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Increasing The Height Of Your Truck With A Lift Kit

Truck Lift Kit

A lift kit is a collection of parts that increases the height of a truck, either by raising the suspension or the body itself. They are most commonly sold as an aftermarket product, although some new 4x4s are now sold with a lift kit already installed. A lift kit has a significant effect on the truck’s driving behavior, which the owner should consider carefully before installing. A truck may also require additional modifications to accommodate the increase in vehicle height.


Lift kits may be classified into body lifts and suspension lifts, depending on what they lift. A suspension lift generally produces better ground clearance and handling, although it also costs more than a body lift. A suspension lift replaces the shocks and leaf springs for all four wheels, which increases the height of the wheel well. This change allows the wheel wells to accommodate taller tires. Modest suspension lifts raise the suspension by 4 to 6 inches, with the maximum lift being about 18 inches. These extreme suspension lifts are typically used only in competition or by serious hobbyists, since they can drastically reduce the truck’s handling.

A body lift kit uses blocks or spacers to raise the body of the truck from its frame, usually by no more than three inches. This option is less expensive because it requires far fewer parts than a suspension lift. A body lift may allow the truck to have slightly taller tires since it increases the height of the wheel well, even though it doesn’t increase ground clearance. However, this type of lift kit won’t improve riding characteristics.


Blue Lifted Truck

The most obvious benefits of a lift kit are to increase off-road capability and provide a more comfortable ride. Greater ground clearance allows the truck to negotiate larger rocks and other obstacles that are common when driving off-road. The larger tires and greater suspension also smooth out bumps in a rough road, especially at higher speeds. Truck owners may want a lift kit for cosmetic purposes, due to the change in the truck’s appearance.

A truck’s center gravity increases with the height of the lift. The most significant effect of this change is a loss of stability, especially when turning sharply at high speed. This type of driving most often occurs when the driver needs to dodge an obstacle in the road or avoid a stopped vehicle. Drivers must therefore exercise greater caution during high-speed cornering, especially when the lift is greater than six inches. A truck with a lift kit may also tend to lean more during banked turns, which are common on off-ramps and freeway exchanges.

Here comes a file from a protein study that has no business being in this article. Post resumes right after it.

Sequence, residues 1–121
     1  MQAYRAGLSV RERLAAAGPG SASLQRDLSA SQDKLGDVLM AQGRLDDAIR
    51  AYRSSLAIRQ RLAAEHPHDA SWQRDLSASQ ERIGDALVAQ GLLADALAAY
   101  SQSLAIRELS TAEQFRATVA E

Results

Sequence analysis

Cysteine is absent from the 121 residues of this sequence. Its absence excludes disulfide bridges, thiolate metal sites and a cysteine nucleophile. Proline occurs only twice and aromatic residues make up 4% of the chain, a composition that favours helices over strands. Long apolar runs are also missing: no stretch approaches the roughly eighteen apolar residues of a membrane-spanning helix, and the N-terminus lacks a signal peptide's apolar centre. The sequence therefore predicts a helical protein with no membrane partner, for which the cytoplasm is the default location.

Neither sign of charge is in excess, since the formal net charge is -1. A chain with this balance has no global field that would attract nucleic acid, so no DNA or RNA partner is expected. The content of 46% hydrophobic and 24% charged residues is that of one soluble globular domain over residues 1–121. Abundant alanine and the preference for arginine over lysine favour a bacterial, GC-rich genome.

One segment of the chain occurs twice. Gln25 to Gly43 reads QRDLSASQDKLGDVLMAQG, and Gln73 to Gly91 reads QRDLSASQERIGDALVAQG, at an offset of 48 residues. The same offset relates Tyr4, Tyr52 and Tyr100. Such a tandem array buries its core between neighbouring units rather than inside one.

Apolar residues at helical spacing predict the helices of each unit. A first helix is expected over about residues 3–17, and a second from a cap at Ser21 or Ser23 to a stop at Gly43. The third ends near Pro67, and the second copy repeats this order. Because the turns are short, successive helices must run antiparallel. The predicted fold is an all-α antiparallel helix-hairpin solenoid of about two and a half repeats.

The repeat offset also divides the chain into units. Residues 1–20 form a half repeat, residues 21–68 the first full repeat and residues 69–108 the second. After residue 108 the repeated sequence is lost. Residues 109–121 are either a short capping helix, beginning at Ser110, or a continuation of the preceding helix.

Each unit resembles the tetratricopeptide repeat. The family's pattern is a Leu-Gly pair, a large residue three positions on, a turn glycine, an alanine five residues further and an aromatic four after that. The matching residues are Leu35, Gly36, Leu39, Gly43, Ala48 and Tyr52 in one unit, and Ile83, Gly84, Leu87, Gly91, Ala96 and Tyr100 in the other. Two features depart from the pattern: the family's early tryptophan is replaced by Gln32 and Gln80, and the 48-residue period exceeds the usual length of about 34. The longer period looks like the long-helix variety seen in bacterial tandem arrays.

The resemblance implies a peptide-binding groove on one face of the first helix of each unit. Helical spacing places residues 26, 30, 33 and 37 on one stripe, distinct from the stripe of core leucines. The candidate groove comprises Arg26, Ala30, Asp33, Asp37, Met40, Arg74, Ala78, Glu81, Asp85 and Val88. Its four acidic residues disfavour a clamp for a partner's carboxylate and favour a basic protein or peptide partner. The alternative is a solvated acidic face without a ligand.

A lift kit may require additional modifications depending on its height and the model of the truck. Common modifications include extending the gearshift through the truck floorboard and raising the bumpers. The truck may need to be re-geared to accommodate a change in tire size if the truck is going to have larger tires. Re-gearing may also be necessary to retain the truck’s original mileage. Truck owners should provide a professional truck mechanic with information about the truck model and lift kit to determine if re-gearing will be necessary.


Aftermarket lift kits are available from several major manufacturers, although the prices are highly dependent on the type and specific model of lift kit. A full set of four large tires can add significantly to the total cost of installing a lift kit. New tires may not be necessary from a performance standpoint, but stock tires can appear cosmetically unappealing inside high wheel wells.

A truck owner with sufficient mechanical proficiency in the right tools can install their own lift kits, although most owners will choose to hire qualified shop mechanic to do so. The best way to ensure that the shop has experienced mechanics and the right auto bays is to use one that specializes in 4x4s.

Truck manufacturers in the United States are generally prohibited from voiding a warranty due to the installation of an aftermarket part. However, aftermarket parts are often used as the basis for denying a warranty claim. Truck owners should therefore ask the dealership about the effects of installing a lift kit while the truck is under warranty.



Photo credit:
MSVG / Foter / CC BY
MSVG / Foter / CC BY

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